Australia threatens telcos with mobile roaming price laws
Roaming profit margins fall from 1000% to 300% but governments want more
Australia and New Zealand are considering legislation to prevent mobile carriers gouging customers when they use their phones overseas.
Australia's Minister for Broadband, Communications and the Digital Economy, Senator Stephen Conroy, and New Zealand's Minister for Communications and Information Technology Amy Adams MP (not the actress), today jointly launched a draft paper (DOCX from Australia) on roaming charges, based on traffic and revenue information provided by the two nations' mobile operators for the calendar years 2009-2011, as well as an expert study prepared by the consultancy firm WIK-Consult (PDF from New Zealand).
The nations have collaborated on the project because of close ties and high volumes of people travelling between the two. The two governments are willing to make identical responses to the issue and believe a bilateral approach will be easier to achieve than deals with many other nations around the globe.
Conroy has conducted a media blitz to publicise the launch of the paper, telling multiple news outlets it's a necessary action because mobile carriers' response to past expressions of concern by government have seen them reduce roaming profit margins of 1000 per cent to a mere 300 per cent. That fall is appreciated, but leaves plenty of antipodeans with nasty bills.
The draft paper therefore suggests that telcos reduce prices further, to assuage consumer resentment, or face a regulatory stick that would mean “operators would likely feel constrained in their ability to set unreasonable terms of supply and, to the extent they did not, the regulators could intervene effectively.”
For now, both nations want their mobile carriers to get cracking on a regime that would send TXT messages advising of roaming charges, along with an opt-out-from-roaming option, to their customers as soon as they touch down in a foreign land.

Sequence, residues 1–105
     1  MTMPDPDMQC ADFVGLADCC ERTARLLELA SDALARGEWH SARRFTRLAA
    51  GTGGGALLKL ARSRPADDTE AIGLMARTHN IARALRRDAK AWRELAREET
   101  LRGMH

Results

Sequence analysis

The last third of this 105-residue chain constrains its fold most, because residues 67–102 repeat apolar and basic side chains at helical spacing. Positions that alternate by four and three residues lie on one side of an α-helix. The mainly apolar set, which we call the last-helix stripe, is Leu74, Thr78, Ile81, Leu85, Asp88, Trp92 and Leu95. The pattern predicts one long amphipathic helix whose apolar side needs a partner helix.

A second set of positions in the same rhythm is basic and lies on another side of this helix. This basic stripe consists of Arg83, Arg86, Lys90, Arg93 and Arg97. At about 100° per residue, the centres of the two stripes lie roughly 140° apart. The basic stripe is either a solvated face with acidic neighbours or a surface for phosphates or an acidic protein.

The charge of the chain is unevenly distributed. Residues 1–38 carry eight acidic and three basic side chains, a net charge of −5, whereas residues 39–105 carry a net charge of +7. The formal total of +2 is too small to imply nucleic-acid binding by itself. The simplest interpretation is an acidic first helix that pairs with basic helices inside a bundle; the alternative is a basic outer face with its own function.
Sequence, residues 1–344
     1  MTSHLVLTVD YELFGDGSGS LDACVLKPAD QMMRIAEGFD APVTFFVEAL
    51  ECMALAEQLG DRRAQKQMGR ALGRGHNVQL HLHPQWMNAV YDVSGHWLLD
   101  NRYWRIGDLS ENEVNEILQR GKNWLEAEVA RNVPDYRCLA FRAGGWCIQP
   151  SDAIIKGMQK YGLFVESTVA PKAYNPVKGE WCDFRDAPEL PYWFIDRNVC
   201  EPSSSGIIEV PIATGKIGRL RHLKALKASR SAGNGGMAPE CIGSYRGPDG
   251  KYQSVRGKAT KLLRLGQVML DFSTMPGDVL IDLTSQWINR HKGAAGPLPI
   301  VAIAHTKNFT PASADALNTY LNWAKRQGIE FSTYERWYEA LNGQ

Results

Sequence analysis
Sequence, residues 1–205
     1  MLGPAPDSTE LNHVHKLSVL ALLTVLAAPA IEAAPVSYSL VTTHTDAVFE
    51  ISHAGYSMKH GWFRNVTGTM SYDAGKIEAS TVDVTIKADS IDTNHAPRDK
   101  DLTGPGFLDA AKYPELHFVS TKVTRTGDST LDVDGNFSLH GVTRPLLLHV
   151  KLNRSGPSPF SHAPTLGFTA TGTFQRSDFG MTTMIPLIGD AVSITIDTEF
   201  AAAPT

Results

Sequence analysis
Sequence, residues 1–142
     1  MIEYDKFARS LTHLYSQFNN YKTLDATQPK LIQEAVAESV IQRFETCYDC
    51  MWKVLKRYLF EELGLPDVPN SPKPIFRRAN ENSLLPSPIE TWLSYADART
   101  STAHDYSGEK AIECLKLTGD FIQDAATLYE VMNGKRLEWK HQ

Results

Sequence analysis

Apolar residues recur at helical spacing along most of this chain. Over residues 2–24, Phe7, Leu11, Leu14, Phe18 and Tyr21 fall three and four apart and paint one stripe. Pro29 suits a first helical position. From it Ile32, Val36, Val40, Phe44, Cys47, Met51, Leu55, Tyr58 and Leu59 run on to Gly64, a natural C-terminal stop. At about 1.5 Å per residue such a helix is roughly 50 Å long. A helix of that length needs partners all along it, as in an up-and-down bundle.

If telcos don't do so in good faith across Australia and New Zealand, the regulatory option remains open to both governments.
While many Australians undoubtedly experience bill shock on their return from overseas, its also worth noting that Conroy has form telco-bashing as a tactic to show he's standing up for the little guy.
The Minister has often castigated telcos for poor customer service, quoting raw numbers of complaints and deeming them unacceptable without reference to benchmarks or calculating the ratio of satisfied to unsatisfied customers.
Such criticism is not levelled at other industries by Ministers in other portfolios.
The telecoms industry may also have been targeted for political advantage in the past: former Australian Communications Minister Helen Coonan is said to have whispered, off the record, that Australia's introduction of a Do Not Call Register was a political sop for disgruntled consumers rather than a necessary reform.
That argument probably can't be made against high roaming charges. But with Australia's former treasury secretary Ken Henry this week saying some Australians who visit Bali aren't aware it is in Indonesia, surely the principle of buyer beware applies to those who take their phones abroad.
If you agree with that argument, or have another point to make, comments on the report are welcome until September 27th, here. ®
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